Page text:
Gel: A lot of people still have the attitude that, "Oh, girls can't play," so I think we had to work harder because of that to prove that we could play.

Lisa: But we were pretty rough around the edges when we started (laughs) ...


Do you find yourselves still having to deal with that sort of stereotyping?

Gel: I think our name is starting to get out there and the fact that we can play (laughs), so I don't notice it too much anymore.

Lisa: Yeah, not so much anymore, but for a while it did feel like quite an uphill battle. It also depends so much on the crowds.


How would you characterize the local scene?

Lisa: Right now it seems to be at kind of a low point.

Gel: Yeah, compared to some scenes you go into where it's really supportive. In some other places--even some tiny little towns--people are really excited about their scene.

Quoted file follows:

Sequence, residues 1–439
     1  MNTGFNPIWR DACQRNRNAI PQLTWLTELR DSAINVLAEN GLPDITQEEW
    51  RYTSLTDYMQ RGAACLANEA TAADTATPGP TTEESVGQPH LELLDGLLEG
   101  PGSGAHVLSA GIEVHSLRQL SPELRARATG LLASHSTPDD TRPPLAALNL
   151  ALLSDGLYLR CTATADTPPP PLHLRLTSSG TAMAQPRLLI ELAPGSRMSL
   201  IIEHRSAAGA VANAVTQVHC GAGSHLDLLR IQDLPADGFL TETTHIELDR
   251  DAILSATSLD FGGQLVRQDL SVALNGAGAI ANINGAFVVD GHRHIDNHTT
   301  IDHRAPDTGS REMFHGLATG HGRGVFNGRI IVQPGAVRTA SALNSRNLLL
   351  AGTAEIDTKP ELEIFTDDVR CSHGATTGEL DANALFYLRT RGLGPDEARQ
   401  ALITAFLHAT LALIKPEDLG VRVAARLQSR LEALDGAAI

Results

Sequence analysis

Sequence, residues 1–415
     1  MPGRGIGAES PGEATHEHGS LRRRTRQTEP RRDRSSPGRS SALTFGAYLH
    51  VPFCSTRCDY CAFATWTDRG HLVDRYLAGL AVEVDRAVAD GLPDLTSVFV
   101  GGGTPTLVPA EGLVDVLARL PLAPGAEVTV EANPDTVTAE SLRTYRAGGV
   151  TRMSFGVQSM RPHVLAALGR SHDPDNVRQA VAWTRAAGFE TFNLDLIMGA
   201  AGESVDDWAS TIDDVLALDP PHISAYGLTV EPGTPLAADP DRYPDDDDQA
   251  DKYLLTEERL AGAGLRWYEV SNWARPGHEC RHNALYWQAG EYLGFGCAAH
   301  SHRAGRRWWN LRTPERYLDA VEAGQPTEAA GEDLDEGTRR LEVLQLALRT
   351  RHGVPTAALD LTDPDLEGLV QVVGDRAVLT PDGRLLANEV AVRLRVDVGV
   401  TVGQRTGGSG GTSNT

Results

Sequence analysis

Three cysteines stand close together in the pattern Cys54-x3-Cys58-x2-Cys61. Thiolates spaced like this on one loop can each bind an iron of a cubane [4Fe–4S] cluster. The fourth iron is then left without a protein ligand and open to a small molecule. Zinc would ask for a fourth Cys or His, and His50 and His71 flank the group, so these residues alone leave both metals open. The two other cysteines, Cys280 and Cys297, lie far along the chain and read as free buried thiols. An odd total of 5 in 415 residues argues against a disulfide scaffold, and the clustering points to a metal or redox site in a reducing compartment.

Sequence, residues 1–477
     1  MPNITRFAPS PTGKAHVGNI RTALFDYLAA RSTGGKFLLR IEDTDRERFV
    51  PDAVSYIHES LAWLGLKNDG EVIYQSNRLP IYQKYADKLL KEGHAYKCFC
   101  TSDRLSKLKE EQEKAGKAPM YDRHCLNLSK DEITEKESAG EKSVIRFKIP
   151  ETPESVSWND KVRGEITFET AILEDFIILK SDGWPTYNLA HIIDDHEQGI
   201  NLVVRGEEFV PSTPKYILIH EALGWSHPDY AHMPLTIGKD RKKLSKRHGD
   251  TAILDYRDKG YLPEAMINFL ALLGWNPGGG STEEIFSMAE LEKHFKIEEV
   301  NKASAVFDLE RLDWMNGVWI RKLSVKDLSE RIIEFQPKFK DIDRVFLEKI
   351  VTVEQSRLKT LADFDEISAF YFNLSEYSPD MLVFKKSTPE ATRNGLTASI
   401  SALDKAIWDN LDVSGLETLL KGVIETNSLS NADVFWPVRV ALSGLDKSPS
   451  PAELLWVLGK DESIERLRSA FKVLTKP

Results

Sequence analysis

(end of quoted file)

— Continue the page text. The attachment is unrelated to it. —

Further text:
Lisa: I don't really know what makes other scenes tick, but it seems like Albuquerque takes a lot for granted or something. It's hard to reach people here. There's something about Albuquerque being so isolated, too. And there's not really any good radio support. If there was an indie rock station, where people could tune in and hear new music at any time, it would rub off more. Where are people going to hear about a scene and hear the music that's out there other than on the radio? Albuquerque doesn't have that.


To what do you attribute the current state of the local scene?